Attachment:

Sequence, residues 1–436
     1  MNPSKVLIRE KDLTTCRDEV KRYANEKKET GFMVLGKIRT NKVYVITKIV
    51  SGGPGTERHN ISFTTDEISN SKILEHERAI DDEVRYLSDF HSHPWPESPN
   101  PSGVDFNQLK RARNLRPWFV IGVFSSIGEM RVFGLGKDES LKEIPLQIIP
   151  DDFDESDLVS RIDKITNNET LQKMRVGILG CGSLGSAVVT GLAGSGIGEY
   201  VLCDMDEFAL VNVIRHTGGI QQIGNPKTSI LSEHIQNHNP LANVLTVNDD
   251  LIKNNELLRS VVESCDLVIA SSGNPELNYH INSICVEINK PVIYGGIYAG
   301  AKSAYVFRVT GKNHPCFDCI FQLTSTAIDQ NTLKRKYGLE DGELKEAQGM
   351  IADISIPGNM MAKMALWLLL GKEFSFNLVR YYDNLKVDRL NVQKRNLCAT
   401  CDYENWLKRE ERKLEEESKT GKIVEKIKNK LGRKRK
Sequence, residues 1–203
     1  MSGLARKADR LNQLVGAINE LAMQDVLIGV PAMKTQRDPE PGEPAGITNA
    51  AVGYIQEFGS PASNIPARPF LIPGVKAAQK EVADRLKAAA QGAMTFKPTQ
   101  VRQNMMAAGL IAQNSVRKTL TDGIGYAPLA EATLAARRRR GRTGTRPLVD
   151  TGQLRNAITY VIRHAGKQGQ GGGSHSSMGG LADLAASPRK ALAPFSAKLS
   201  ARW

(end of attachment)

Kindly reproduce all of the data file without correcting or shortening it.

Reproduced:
Sequence, residues 1–436
     1  MNPSKVLIRE KDLTTCRDEV KRYANEKKET GFMVLGKIRT NKVYVITKIV
    51  SGGPGTERHN ISFTTDEISN SKILEHERAI DDEVRYLSDF HSHPWPESPN
   101  PSGVDFNQLK RARNLRPWFV IGVFSSIGEM RVFGLGKDES LKEIPLQIIP
   151  DDFDESDLVS RIDKITNNET LQKMRVGILG CGSLGSAVVT GLAGSGIGEY
   201  VLCDMDEFAL VNVIRHTGGI QQIGNPKTSI LSEHIQNHNP LANVLTVNDD
   251  LIKNNELLRS VVESCDLVIA SSGNPELNYH INSICVEINK PVIYGGIYAG
   301  AKSAYVFRVT GKNHPCFDCI FQLTSTAIDQ NTLKRKYGLE DGELKEAQGM
   351  IADISIPGNM MAKMALWLLL GKEFSFNLVR YYDNLKVDRL NVQKRNLCAT
   401  CDYENWLKRE ERKLEEESKT GKIVEKIKNK LGRKRK
Sequence, residues 1–203
     1  MSGLARKADR LNQLVGAINE LAMQDVLIGV PAMKTQRDPE PGEPAGITNA
    51  AVGYIQEFGS PASNIPARPF LIPGVKAAQK EVADRLKAAA QGAMTFKPTQ
   101  VRQNMMAAGL IAQNSVRKTL TDGIGYAPLA EATLAARRRR GRTGTRPLVD
   151  TGQLRNAITY VIRHAGKQGQ GGGSHSSMGG LADLAASPRK ALAPFSAKLS
   201  ARW